Saturday, May 30, 2009

Kalady - Adi Shankara Janmabhoomi Kshetram

5 Kms from the bustling Cochin International Airport is the picturesque town of Kalady, situated on the banks of the Periyar River, here known as the Poorna. In this small village lived a pious Namboothiri couple, who prayed to Lord Shiva for a child. Pleased with their devotion, the lord gave them a choice – they could either have a long lived, but stupid son, or choose an intelligent one, who would walk on this earth for a scant 16 years. The couple unanimously and unwaveringly chose the latter – the son whom they named after the lord as ‘Shankara’, who would make his parents proud, and grow to be the teacher of all teachers – the Adi Shankaracharya.

 


 

 
When Shankara was a child, his old mother found it difficult to walk to the river for her daily ablutions. Shankara prayed to Krishna, his family deity to help his mother, who blessed him and decreed that the river would follow on the footsteps of Shankara. This not only changed the course of the river here, but also gave a new name to this place – Kalady means footsteps in Malayalam and Tamil.

 


 


 
About a hundred years back, the then Shankaracharya of Sringeri came upon the Samadhi of Aryamba, the mother of Sri Adi Shankaracharya, and then built a temple around it. This temple is right on the banks of the river, and is a simple and beautiful structure. There are sanctums to Lord Ganesha and Sri Sharada. The Sharadambal sanctum is surrounded by images of the Saptha Matas – 7 forms of the Devi. The brindavanam of Aryamba is a small structure built over the place where she was cremated. The black stone lamp post at the site dates back to the time of Adi Shankara. It is this structure which helped identify the spot as the birth place of Adi Shankara. Finally, there is the shrine to Adi Shankaracharya. It is a peaceful place reverberating with the sounds of the Vedas uttered by the students of the Veda Patashala run by the Mutt. When we arrived at the shrine of Sri Adi Shankara to pay our respects, the guru teaching the kids signaled to one small chap, who ran up to us, still reciting the Vedas, performed the aarti, gave us the prasadam, and without waiting any further, ran back to take his place again. It was a beautiful sight to see, and the sounds of the Vedas recited by a boy just a few years older than Samhith was just great!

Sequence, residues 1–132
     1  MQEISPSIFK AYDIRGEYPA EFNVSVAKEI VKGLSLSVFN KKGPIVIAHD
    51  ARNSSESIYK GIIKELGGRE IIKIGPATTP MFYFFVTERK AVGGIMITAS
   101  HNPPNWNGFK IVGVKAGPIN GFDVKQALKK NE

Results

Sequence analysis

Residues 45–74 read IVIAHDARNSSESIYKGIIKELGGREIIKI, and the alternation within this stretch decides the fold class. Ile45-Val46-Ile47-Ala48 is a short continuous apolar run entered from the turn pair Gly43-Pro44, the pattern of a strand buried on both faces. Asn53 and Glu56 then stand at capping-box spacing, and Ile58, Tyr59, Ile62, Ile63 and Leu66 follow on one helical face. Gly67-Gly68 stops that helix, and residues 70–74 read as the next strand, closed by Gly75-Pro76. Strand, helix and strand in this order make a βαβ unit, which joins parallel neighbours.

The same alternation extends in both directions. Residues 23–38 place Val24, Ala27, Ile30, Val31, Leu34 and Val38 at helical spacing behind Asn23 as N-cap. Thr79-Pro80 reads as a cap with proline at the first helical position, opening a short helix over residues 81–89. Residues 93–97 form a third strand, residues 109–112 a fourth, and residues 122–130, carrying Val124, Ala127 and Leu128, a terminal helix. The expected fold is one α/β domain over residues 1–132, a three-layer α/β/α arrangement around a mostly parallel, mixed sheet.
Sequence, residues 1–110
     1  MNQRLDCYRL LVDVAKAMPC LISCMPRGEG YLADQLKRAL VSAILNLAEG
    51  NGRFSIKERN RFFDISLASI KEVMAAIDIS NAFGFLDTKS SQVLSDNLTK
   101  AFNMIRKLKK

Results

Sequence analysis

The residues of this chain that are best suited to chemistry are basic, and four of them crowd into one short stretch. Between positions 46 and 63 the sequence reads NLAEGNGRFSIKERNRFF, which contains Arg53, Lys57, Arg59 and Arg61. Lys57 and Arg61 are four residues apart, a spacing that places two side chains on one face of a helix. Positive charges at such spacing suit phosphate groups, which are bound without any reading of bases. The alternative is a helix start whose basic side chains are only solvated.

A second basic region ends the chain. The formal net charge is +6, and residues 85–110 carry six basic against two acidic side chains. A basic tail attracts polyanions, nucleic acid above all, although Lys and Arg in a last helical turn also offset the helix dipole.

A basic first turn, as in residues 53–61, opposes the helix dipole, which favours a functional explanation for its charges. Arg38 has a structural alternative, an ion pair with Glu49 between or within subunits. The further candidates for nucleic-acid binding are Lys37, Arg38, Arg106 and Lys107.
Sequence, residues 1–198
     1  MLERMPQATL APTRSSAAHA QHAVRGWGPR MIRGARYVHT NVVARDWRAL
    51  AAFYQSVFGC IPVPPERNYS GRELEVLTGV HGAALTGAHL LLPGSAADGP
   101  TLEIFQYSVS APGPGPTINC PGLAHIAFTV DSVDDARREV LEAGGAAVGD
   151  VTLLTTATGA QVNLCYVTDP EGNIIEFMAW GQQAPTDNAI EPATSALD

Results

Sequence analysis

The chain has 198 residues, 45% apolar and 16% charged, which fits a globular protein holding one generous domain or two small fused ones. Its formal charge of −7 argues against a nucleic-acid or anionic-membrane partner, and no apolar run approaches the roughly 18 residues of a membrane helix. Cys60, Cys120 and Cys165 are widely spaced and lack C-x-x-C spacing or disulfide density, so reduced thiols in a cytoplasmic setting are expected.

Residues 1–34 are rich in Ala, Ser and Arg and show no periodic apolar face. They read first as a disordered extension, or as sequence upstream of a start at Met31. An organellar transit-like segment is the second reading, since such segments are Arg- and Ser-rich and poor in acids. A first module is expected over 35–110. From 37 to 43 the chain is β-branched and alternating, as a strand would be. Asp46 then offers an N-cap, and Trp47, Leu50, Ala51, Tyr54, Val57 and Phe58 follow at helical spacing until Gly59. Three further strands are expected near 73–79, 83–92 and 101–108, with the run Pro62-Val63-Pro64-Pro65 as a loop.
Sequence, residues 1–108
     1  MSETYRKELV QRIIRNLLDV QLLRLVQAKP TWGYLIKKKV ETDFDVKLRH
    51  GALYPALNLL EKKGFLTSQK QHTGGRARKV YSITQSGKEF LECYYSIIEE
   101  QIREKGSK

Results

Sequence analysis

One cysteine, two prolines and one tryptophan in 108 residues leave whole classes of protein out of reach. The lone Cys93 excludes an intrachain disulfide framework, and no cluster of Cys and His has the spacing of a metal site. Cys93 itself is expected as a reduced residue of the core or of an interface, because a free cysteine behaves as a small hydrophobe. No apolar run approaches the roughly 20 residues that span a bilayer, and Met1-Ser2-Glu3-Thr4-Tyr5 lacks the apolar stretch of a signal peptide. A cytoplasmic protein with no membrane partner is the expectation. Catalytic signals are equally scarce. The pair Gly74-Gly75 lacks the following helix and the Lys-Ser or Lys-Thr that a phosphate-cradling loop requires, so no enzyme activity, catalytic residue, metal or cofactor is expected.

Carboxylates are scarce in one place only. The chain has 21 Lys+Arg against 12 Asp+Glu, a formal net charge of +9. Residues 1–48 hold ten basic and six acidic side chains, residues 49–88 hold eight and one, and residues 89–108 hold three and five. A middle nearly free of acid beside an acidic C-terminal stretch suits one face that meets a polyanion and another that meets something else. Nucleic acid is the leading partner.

We did not have time to bathe in the river, but just the sight of the river, with enough water even in the hottest period of the year was a sight for sore eyes!

 


 
The math has made provisions for staying there also, and though I did not have time to check out the details, I did manage to get their phone number. You can contact them and get details about accommodation. The contact details are as follows

 
Sri Sringeri Shankaramath,
Sri Adi Shankara Janmabhoomi Kshetram,
On the banks of the river Purna (Periyar),
Kalady – 683574
Kerala.
Phone No.: (0484)2462350
E-mail: sringerikldy@sify.com

 


 
Just outside this temple is the ancient temple to Krishna, the family deity of Sri Adi Shankara. This is a temple built in the typical Kerala style, and is small, though wonderfully peaceful.

 


 


 

 
Right on the main road opposite the bus stand is another structure built in memory of Sri Adi Shankara. This is a memorial built by the Kanchi Mutt and is known as the Adi Shankara Stupa.

 


 
We did not have time to climb up all the way, but, thanks to my sister, Kanthi, I have photographs of the interior of the Stupa too. The following pictures belong to her……..

 
These are the deities inside the stupa -

 
Ganesha


 
Kamakshi...


 
Adi Shankara..


 
Lord Shiva...


 
Lord Vishnu...


 
Surya...


 
Karthikeya...


 
I have not mentioned the entire story of Adi Shankara, as there are many others who would be better suited to relate the story of such a great man. Here are a couple of links for those interested in reading more about him -
  • Pictorial Story of Adi Shankara:This one is from the website of a publication of the Kanchi Mutt.Illustrated with sketches, this one is good for children.

  • Who is Adi Shankara? : This one is a longer version of the story, more suited for adults, and I liked the way the story has been related.

 

Thursday, May 28, 2009

Thekkady - Periyar Tiger Reserve